Syllepsis

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Syllepsis

 

(also called zeugma), a stylistic device consisting of the union of disparate terms in a common syntactic or semantic unit. An example of syllepsis with syntactic dissimilarity is “We love glory, we love to drown our dissipated intellect in drink” (A. S. Pushkin). This example unites direct objects which are expressed by a noun and an infinitive. An example of syllepsis with phraseological dissimilarity is I. A. Krylov’s line “The scandalmonger’s eyes and teeth flashed,” which combines the phrase “eyes flashed” with the extraneous word “teeth.” An example of syllepsis with semantic dissimilarity is “Filled with sounds and confusion” (A. S. Pushkin), which describes an emotional state and its cause. In elevated literary style, syllepsis gives an impression of nervous carelessness, and in low style it has a comic effect (“the rains and two students came”).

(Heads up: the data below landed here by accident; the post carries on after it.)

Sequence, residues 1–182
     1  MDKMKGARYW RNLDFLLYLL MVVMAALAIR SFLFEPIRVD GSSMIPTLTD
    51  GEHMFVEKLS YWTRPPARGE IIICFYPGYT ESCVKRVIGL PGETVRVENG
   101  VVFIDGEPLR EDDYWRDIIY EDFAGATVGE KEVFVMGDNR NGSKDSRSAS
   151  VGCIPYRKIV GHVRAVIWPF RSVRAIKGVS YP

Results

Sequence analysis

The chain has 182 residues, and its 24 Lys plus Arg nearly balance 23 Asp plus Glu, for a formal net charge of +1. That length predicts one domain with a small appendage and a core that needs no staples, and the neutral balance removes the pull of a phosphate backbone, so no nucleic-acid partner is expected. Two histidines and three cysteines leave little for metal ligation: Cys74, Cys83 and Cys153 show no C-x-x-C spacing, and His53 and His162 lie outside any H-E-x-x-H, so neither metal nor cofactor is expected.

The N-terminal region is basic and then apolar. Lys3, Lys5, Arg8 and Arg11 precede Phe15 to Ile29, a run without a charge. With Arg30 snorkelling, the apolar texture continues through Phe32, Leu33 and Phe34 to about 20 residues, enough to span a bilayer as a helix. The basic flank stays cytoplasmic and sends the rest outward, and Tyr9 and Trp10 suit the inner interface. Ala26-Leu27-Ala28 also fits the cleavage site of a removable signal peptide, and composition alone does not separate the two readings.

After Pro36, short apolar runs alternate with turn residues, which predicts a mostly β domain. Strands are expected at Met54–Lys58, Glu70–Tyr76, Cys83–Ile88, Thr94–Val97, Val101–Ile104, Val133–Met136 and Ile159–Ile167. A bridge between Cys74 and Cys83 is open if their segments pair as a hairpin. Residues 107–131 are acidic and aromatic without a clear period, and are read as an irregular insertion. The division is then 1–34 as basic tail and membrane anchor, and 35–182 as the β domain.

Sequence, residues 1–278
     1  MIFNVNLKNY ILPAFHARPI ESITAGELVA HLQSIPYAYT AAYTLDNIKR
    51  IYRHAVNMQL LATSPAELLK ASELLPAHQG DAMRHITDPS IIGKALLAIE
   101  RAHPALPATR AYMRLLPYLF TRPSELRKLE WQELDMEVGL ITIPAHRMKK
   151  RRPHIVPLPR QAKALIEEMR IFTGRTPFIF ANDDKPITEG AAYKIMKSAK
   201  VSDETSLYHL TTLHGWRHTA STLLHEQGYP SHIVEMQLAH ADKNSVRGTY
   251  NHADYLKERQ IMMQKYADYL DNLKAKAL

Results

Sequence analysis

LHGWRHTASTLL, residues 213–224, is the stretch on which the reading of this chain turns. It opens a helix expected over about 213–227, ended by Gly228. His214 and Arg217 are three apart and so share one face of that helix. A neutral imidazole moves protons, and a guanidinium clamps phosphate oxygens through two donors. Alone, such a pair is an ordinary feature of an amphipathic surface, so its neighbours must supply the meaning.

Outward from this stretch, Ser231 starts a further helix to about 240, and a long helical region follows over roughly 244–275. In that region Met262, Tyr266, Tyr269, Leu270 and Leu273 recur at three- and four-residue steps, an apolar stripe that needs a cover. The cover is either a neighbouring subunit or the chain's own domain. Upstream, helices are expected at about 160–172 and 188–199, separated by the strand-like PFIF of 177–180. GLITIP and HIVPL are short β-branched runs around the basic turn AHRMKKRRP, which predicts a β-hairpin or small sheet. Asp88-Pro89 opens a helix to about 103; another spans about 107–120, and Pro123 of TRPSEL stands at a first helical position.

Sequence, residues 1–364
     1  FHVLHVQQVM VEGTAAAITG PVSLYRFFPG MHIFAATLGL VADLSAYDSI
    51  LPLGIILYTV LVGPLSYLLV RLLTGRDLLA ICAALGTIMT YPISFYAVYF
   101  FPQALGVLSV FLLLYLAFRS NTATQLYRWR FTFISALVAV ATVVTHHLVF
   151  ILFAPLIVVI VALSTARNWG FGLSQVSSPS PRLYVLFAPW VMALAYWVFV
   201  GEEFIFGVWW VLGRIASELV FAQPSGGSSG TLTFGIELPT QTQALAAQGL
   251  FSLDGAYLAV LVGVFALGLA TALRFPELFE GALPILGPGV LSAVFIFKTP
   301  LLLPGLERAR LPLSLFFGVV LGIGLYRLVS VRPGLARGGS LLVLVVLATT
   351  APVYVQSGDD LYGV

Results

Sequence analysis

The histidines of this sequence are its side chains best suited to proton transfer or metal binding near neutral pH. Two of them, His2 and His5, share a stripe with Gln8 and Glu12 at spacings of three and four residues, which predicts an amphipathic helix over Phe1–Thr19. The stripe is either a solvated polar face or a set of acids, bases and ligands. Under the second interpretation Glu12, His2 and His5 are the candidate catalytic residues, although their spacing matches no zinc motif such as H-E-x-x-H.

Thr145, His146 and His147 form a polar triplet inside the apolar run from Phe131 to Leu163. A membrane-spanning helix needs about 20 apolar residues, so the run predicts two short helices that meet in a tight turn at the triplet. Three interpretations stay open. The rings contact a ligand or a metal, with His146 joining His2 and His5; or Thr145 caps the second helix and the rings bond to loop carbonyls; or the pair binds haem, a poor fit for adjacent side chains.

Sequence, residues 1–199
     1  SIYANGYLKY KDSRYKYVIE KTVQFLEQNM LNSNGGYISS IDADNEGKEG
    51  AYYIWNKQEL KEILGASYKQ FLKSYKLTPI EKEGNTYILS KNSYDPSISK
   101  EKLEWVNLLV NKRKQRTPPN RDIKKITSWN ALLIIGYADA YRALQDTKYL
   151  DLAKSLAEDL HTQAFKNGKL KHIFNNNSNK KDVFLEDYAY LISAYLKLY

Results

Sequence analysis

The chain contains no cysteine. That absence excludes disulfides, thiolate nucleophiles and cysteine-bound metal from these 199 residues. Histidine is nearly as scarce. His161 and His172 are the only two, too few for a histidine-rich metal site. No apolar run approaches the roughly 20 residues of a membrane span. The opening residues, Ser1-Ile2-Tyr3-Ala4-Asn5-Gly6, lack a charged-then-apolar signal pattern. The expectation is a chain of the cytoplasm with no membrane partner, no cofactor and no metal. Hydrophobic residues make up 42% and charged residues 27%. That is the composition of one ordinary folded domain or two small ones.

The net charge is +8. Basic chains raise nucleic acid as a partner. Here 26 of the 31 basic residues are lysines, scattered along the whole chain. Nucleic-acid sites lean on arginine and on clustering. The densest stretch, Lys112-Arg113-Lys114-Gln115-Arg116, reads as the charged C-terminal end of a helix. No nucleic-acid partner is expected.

References in periodicals archive ?
These branches are ephemeral, but, as in the sylleptic systems, other branches that develop proleptically may be persistent.
Not all ephemeral branches are strictly reproductive and sylleptic.
Again, simple inflorescences are those that have no sylleptic branching, no modification in duration of branches, and no shoot dimorphism: the inflorescence consists entirely of unit inflorescences (singly, paired, or fasciculate) distributed along nodes of the axis of the RGU.
The derived state, in which branching is sylleptic as well as proleptic (char.
In the clade including the Abarema alliance and Pith ecellobium, vegetative branching becomes sylleptic (char.
Branching: 0 = sylleptic and proleptic; 1 = proleptic only.